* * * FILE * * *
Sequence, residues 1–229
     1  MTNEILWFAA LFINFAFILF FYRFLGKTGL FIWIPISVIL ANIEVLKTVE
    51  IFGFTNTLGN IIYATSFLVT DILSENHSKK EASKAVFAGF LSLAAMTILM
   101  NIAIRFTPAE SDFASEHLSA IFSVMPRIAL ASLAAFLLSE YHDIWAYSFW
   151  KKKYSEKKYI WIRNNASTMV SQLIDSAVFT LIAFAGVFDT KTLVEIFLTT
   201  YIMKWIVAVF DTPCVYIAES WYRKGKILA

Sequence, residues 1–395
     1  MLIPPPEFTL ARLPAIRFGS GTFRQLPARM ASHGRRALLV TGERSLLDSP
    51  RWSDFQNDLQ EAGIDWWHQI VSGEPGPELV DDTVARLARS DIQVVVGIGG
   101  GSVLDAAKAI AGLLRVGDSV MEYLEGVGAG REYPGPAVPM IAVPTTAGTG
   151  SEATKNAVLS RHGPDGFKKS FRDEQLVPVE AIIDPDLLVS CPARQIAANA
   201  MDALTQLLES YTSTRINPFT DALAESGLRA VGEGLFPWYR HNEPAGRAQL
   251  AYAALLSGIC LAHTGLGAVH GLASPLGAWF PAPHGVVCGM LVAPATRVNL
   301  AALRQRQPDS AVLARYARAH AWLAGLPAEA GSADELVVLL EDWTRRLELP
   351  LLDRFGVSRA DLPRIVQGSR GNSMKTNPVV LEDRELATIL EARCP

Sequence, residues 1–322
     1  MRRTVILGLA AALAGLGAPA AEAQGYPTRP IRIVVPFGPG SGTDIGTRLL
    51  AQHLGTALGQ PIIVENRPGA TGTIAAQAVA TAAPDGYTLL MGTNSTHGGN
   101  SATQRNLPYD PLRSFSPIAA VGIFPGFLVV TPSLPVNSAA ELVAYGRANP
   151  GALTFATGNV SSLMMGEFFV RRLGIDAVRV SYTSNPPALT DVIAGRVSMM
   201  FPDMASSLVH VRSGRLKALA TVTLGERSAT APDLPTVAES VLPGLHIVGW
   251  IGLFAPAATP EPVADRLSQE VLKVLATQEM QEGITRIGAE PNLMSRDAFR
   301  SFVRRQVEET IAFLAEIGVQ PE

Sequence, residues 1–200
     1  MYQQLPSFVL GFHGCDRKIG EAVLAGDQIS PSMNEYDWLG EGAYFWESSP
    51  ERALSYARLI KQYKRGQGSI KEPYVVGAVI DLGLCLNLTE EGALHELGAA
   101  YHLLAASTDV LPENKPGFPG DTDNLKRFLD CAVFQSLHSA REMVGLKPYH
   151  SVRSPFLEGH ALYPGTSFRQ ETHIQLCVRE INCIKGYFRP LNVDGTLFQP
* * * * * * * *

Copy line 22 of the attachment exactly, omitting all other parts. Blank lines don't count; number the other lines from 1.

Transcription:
   251  IGLFAPAATP EPVADRLSQE VLKVLATQEM QEGITRIGAE PNLMSRDAFR